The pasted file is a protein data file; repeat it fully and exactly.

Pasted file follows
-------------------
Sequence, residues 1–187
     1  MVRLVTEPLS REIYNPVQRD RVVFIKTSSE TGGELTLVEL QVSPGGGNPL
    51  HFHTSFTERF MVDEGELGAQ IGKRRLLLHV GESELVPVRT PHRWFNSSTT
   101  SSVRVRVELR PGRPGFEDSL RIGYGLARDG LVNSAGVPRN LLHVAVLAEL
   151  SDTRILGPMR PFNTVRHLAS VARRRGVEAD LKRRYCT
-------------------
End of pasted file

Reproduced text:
Sequence, residues 1–187
     1  MVRLVTEPLS REIYNPVQRD RVVFIKTSSE TGGELTLVEL QVSPGGGNPL
    51  HFHTSFTERF MVDEGELGAQ IGKRRLLLHV GESELVPVRT PHRWFNSSTT
   101  SSVRVRVELR PGRPGFEDSL RIGYGLARDG LVNSAGVPRN LLHVAVLAEL
   151  SDTRILGPMR PFNTVRHLAS VARRRGVEAD LKRRYCT